Defendants contend that even if their criminal convictions may collaterally estop them in a subsequent civil action brought by the United States, the adverse party in the first action, no stranger to the original action may rely on it. Federal law no longer requires mutuality for the "offensive" use of collateral estoppel; application of such estoppel is entirely within the "broad discretion" of the trial court. Parklane Hosiery Co. v. Shore, 439 U.S. 322, 331, 99 S.Ct. 645, 651, 58 L.Ed.2d 552 (1979). The offensive use of criminal convictions by strangers to the original prosecution has been approved many times. See In re Teltronics, Ltd., 649 F.2d 1236, 1239 (7th Cir. 1981); Wolfson v. Baker, 623 F.2d 1074, 1077-81 (5th Cir. 1980), cert. denied, 450 U.S. 966, 101 S.Ct. 1483, 67 L.Ed.2d 615 (1981); and United States v. Frank, 494 F.2d 145, 160 (2d Cir.), cert. denied, 419 U.S. 828, 95 S.Ct. 48, 42 L.Ed.2d 52 (1974). While the Court in Parklane Hosiery did indicate that there were "circumstances that might justify reluctance to allow the offensive use of collateral estoppel," Parklane Hosiery, 439 U.S. at 331, 99 S.Ct. at 651, none of them is present here. The County had no opportunity to enter the federal prosecution as a party, the defendants had every incentive to litigate the first action fully and vigorously, the judgment in the criminal case was not inconsistent with any previous decision, and the first action did not deprive the defendants of any procedural opportunities available in this action "of a kind that might be likely to cause a different result." Id. at 332, 99 S.Ct. at 652.

The defendants argue that Lynch was not entitled to full discovery (specifically, deposition and compulsion of documents prior to trial) in the criminal case. In fact, the defendants did have the opportunity under the Federal Rules of Criminal Procedure both to compel the production of documents, Fed.R.Cr.P. 16(a)(1)(C), and to take depositions, had they shown this to be in the interest of justice, Fed.R.Cr.P. 15(a). The criminal conviction, the offensive use of which the Seventh Circuit approved in In re Teltronics, was obtained in the same court and under the same procedural rules. In re Teltronics, 649 F.2d at 1238 n. 2.

Defendants assert that 18 U.S.C. § 1964(d) bars anyone but the United States from employing the specific kind of criminal conviction here, i.e., a RICO conviction, to collaterally estop the convicted party in a subsequent civil action. Section 1964(d) states:

  "A final judgment or decree rendered in favor of the
  United States in any criminal proceeding brought by
  the United States under this chapter shall estop the
  defendant from denying the essential allegations of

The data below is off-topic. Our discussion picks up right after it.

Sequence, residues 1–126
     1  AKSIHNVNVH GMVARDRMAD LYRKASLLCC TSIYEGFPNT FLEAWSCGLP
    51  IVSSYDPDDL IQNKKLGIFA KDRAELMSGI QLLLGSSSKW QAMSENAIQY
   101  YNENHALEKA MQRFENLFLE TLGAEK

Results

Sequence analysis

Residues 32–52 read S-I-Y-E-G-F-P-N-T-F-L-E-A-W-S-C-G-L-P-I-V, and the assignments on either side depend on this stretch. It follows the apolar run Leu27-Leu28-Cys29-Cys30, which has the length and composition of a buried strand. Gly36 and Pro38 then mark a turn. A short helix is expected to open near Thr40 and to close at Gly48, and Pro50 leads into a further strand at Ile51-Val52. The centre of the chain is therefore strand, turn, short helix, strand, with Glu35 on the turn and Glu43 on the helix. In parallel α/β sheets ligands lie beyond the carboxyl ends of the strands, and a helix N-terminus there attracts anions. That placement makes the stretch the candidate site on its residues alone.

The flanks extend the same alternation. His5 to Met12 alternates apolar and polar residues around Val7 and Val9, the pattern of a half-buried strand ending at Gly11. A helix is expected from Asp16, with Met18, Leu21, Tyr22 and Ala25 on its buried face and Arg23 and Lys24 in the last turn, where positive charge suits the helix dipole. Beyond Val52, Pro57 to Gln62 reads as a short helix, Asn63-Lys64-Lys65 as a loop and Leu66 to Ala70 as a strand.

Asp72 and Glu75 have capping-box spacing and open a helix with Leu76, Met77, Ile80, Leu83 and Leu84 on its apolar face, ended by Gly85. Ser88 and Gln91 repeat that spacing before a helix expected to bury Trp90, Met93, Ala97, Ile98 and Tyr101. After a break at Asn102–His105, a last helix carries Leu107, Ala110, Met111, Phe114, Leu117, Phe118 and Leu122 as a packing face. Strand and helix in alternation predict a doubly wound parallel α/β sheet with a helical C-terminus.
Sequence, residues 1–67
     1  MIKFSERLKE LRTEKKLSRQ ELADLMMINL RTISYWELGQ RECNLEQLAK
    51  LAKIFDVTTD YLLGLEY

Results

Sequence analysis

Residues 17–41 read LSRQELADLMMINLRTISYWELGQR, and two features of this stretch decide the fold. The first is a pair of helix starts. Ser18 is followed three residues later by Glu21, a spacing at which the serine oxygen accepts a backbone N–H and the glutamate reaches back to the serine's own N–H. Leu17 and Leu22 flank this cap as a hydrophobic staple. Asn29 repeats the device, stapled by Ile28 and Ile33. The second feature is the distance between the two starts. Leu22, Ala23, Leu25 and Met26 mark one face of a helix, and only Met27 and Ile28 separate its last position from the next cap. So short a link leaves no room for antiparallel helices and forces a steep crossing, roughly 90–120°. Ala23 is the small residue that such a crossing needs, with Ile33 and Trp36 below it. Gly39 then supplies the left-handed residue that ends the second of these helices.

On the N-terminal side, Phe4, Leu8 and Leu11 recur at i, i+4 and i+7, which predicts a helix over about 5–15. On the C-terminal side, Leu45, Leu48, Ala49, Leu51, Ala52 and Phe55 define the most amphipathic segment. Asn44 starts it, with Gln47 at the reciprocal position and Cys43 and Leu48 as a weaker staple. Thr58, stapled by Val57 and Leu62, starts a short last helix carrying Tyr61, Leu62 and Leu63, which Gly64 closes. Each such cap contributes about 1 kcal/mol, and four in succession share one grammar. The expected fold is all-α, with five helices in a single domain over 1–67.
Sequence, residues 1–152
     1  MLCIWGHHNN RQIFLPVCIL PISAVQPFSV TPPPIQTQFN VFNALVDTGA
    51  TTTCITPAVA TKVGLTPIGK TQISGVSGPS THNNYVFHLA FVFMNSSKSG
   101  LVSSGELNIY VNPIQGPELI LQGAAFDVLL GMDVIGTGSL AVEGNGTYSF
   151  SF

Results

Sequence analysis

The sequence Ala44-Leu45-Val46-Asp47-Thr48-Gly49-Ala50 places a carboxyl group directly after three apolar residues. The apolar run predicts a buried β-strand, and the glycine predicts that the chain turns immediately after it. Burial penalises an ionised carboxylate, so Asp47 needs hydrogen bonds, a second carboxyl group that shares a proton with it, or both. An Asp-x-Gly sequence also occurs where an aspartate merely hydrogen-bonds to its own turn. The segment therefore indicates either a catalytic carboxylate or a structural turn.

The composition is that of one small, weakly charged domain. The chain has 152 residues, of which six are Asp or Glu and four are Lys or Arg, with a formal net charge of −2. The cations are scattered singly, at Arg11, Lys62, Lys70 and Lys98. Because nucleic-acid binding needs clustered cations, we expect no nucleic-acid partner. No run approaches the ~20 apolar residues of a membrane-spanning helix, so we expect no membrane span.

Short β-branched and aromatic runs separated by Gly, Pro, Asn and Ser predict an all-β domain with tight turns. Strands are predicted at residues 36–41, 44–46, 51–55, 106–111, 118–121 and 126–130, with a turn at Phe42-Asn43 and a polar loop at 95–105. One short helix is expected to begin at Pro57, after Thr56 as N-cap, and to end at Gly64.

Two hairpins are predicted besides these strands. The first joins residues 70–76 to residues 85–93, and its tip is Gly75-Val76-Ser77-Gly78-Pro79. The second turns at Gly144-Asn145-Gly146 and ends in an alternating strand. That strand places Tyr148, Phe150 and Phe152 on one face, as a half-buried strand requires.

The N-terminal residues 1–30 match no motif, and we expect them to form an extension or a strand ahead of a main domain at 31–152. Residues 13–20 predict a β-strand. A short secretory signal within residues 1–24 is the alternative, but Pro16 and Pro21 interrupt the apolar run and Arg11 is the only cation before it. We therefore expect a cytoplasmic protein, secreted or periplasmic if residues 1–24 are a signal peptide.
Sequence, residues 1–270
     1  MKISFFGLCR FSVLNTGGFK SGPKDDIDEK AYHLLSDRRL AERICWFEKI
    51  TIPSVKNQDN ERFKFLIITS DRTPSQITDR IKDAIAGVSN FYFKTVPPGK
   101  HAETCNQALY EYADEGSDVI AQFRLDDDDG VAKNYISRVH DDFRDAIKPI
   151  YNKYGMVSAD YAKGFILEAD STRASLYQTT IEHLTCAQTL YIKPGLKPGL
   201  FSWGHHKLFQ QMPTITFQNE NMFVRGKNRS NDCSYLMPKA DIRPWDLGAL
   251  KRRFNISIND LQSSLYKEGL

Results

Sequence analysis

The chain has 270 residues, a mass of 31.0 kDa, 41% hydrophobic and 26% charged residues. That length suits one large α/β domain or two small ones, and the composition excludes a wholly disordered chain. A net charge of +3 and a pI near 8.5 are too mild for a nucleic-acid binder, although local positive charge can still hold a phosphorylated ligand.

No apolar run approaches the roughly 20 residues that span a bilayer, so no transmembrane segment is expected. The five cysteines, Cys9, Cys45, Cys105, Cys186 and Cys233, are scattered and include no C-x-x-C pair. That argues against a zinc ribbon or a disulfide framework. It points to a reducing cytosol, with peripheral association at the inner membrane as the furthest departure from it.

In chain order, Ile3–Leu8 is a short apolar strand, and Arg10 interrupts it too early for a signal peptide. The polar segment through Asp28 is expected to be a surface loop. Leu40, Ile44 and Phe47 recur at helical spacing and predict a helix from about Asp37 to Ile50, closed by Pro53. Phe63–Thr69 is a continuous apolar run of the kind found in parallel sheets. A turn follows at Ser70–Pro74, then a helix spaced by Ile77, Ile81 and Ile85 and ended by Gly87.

the criminal offense in any subsequent civil
  proceeding brought by the United States."

Defendants would have the court read into this affirmation of the United States' right to an estoppel the negation of the right of any other party to rely on a RICO conviction. The legislative history of Section 1964(d) is sparse, but there is nothing in it to support the extreme inference defendants would have the court draw. Indeed, such legislative history as there is suggests that the Congress' single concern in enacting § 1964(d) was to assure that the United States had collateral estoppel rights. In that period, before Parklane Hosiery was decided, the Congress had no need to use the provision to negate the collateral estoppel rights of private parties. Lacking mutuality, those parties had no right to work a collateral estoppel anyway. Thus, the House Report's explanation of Section 1964(d) states that the section "provides specifically for collateral estoppel" by the United States. H.R.Rep. No. 1549, 91st Cong., 2d Sess., reprinted in 1970 U.S.Code Cong. & Ad.News 4007, 4034 (emphasis added.)

The purpose of RICO was "to seek the eradication of organized crime in the United States . . . by providing enhanced sanctions and new remedies," Pub.L. No. 91-452, 84 Stat. 923. Section 904(a) of RICO (uncodified) specifically directs that its provisions "shall be liberally construed to effectuate its remedial purposes," 84 Stat. 947. It would thus be most inconsistent with the intent of the Congress for this court to rely on a negative inference from the statutory language to deny a remedy against RICO violators which the federal common law, as it has developed since RICO's enactment, would otherwise provide. Anderson v. Janovich, 543 F. Supp. 1124, 1132-1133 (W.D.Wash. 1982); State Farm Fire and Casualty Co. v. Estate of Caton, 540 F. Supp. 673, 682 (N.D.Ind. 1982); and City of Milwaukee v. Hansen, No. 77 C 246 (E.D.Wis. June 11, 1980). Cf. United States v. Turkette, 452 U.S. 576, 101 S.Ct. 2524, 69 L.Ed.2d 246 (1981) (negative inference from RICO language rejected; Act liberally construed to cover criminal as well as legitimate "enterprises"). Indeed, Section 904(b) of RICO (uncodified), 84 Stat. 947, provides that the remedies in the Act are not to supersede any additional civil remedies available by virtue of other provisions of law.

II. Summary ...